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All Stressed Up And No Place To Blow

Matthew 11:25-30

If you are a member of our congregation here at First Presbyterian, you are aware of the fact that my partner-in-ministry, Dr. Jim Cook, and I are enjoying a lively, loving, light-hearted competition with each other to see who can come up with the catchiest sermon title. Today I pulled the stops out. I am going for the winner. “All Stressed Up and No Place to Blow!” Top that, Jim Cook!

But all kidding about titles aside, the subject of today’s sermon is one of utmost seriousness. We are living in a tough, tense world that often “stresses us to the max.” A couple of years ago, the Comprehensive Care Corporation of Tampa, Florida, published a booklet about stress in our modern world. The facts are disturbing. Listen:

  1. One out of four (that’s 25% of the American people) suffers from mild to moderate depression, anxiety, loneliness, and other painful symptoms which are attributed mainly to stress.
  2. Four out of five adult family members see a need for less stress in their daily lives.
  3. Approximately half of all diseases can be linked to stress-related origins, including ulcers, colitis, bronchial asthma, high blood pressure and some forms of cancer.
  4. Unmanaged stress is a leading factor in homicides, suicides, child abuse, spouse abuse and other aggravated assaults.
  5. The problem of stress is taking a tremendous toll economically, also. In our nation alone, we Americans are now spending $64.9 billion a year trying to deal with the issue of stress.

I share these sobering statistics with you to help us see the enormity of the problem; to help us see that if we are experiencing stress related problems, we are not alone; and to help us see that in a world that is “all stressed up with no place to blow,” we can find the secret of peace and poise and power for our everyday living through Jesus Christ.

There’s a wonderful little story about a mother who one Sunday morning said to her 10-year-old son: “Billy, I’m not feeling well enough to go to church today, but I want you to go, as usual, and then you can tell me about it.” Obediently, Billy carried out his mom’s wish—when hereturned home, his mother asked: “Well, Billy, how was church?” Billy responded: “Fine.” Mom then asked: “Where did you sit?” Billy said: “Oh, I think I sat about where we usually sit.” Billy’s answer was just vague enough to make his mother suspicious. So she asked: “And what was the sermon about?” Billy began to stammer a bit as he struggled to come up with an answer: “Uh … well … hmmm … let’s see … oh, yes, I remember. It was something about ‘keep your shirt on and you’ll get a blanket.'” Well, that did it. Billy’s mother was convinced that he had cut church, and so she called the pastor and asked him what text he had preached on that morning. He replied: “Be patient and the Comforter will come”!

Well, actually, that’s a pretty good verse to remember these days: “Be patient and the Comforter will come.” You see, we need the strength, the comfort, the peace, the poise which God alone can give. Jesus expressed it this way: “Come to me, all you who are weary and are carrying heavy burdens, and I will give you rest.” Come to me, all you who are exhausted and stressed out and weighed down with worry, and I will give you strength and comfort and peace. We have the answer in our hands. We have had it all along. Yet, too often, we look for help in all the wrong places.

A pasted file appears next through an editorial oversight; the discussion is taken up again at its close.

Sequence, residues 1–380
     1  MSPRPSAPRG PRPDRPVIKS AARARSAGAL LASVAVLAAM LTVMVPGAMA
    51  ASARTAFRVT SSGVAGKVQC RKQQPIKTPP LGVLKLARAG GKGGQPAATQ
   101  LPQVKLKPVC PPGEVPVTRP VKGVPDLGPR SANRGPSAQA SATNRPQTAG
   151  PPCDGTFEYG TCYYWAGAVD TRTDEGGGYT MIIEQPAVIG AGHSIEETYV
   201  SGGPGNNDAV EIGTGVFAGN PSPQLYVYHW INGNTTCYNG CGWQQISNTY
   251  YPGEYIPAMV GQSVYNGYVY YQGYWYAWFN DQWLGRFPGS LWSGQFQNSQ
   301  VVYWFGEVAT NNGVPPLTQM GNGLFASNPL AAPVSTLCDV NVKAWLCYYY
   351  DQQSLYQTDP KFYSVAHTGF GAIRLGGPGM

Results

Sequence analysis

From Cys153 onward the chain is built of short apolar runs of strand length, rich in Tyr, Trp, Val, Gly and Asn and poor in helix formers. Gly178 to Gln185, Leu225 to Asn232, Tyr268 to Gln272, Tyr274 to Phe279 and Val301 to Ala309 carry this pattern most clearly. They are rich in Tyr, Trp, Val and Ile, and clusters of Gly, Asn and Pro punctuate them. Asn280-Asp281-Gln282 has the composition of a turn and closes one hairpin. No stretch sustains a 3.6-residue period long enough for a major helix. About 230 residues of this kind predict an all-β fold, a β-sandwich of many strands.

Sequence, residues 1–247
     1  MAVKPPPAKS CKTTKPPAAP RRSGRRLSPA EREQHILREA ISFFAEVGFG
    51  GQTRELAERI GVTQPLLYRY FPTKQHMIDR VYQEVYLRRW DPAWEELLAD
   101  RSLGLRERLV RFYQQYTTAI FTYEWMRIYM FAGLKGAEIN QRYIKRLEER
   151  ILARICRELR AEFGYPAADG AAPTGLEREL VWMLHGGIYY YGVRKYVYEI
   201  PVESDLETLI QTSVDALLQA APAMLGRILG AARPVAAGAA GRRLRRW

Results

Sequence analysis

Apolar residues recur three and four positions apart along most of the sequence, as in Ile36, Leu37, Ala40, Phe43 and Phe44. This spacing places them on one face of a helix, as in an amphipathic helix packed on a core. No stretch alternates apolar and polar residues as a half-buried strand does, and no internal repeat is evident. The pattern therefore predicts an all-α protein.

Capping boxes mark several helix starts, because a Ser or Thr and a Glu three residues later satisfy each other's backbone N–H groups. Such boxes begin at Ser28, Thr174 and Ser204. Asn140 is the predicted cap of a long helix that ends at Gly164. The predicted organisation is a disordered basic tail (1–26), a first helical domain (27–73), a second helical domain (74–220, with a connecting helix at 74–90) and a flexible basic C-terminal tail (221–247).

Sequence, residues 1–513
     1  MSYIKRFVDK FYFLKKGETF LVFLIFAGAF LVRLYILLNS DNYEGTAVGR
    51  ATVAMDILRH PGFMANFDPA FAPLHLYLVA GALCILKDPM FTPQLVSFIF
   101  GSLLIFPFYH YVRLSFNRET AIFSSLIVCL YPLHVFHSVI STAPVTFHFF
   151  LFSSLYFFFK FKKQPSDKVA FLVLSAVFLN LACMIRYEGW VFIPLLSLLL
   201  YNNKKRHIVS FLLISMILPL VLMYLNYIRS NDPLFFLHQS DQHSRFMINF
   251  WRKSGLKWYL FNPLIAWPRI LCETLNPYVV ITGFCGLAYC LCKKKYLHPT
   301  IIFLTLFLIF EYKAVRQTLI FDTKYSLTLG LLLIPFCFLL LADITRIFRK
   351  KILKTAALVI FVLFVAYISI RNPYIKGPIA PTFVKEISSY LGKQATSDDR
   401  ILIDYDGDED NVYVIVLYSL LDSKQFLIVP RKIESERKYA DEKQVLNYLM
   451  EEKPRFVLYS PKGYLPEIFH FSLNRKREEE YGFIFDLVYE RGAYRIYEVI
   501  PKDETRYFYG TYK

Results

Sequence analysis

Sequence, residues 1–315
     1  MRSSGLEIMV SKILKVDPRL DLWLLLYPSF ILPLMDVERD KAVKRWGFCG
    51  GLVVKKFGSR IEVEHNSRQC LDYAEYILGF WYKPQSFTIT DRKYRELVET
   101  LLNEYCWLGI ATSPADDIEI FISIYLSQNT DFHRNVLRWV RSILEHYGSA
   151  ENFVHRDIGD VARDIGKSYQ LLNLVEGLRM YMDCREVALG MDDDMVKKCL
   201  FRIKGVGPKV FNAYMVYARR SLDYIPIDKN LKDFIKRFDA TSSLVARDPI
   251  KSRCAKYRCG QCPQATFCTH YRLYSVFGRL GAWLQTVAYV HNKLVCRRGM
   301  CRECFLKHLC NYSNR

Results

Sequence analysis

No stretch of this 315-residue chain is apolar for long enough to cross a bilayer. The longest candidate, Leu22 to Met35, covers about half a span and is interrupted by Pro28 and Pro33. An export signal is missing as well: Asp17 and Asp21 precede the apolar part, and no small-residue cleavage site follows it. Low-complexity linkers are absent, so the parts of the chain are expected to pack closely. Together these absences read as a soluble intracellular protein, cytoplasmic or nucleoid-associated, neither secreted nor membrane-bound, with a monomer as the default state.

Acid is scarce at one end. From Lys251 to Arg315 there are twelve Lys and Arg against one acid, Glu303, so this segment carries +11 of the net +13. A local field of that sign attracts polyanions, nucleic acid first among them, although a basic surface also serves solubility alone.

Did you hear about the farmer who went to a government bureaucrat specializing in animal health? The farmer sought help from the expert because ten of his chickens had suddenly and inexplicably died. The government expert instructed the farmer to give aspirin to all the remaining chickens. Two days later, the farmer returned. Twenty more chickens had died. What should he do now? Quickly, the expert advised: “Give all the rest castor oil.” Two days later, the farmer returned yet again and reported thirty more dead chickens. The government expert now strongly recommended penicillin. Two days later, a sad farmer showed up. All his chickens had now died. They were all gone. “What a shame,” said the government expert, “I have lots more remedies to try.”
Well, the world offers many remedies to the problem of stress, but the truth is that most of them don’t work. The world offers many so-called experts in stress management, but the truth is that there is only one Great Physician who can give us the strength and comfort we need. The world offers many so-called solutions for the tensions and the burdens that push us down and pull us apart, but the truth is there is only one Prince of Peace who can soothe our jangled nerves and save our troubled souls.

Along the rural roads of India, every now and then, you will pass a post about shoulder high with a strong shelf built on top of it. These posts are called “Soma Tonga.” The people of India who walk the roads carrying heavy loads on their backs can stop at a “Soma Tonga”, which means “resting place”. There they place their heavy load on the shelf and rest awhile before continuing their journey. Little wonder then the new believers in India call Jesus Christ “my Soma Tonga”—the One who gives me rest, the One who takes my burden, the One who renews my strength.

On the basis of that wonderful thought, I want to affirm today that in a world that is “all stressed up with no place to blow,” some say escape the stress, others say endure the stress, but I say elevate the stress.

Some say, “Escape the stress.”

“Stress is bad,” these people say, “so avoid it at all costs. Get away. Run away. Fly away. Take a pill to ease your nerves. Take a drink to drown your sorrows. Take a shot to kill that pain. Do whatever you have to do to escape the stress.” Well, that’s a popular answer these days. If you doubt that, then watch the TV commercials and watch how many of them advocate this escapist philosophy. They claim they have just the right pill, just the right drink, just the right place, just the right trip to solve all your problems.

Please don’t misunderstand me. There are times when it is appropriate and helpful to take properly prescribed and administered medication. There are times when it is good to take a vacation and “get away from it all” for awhile. But that’s not what I am talking about. I am talking about an escapist approach to life which declares that the overriding task in life is to run away and hide from the problems and the pressures and the demands and the challenges of life.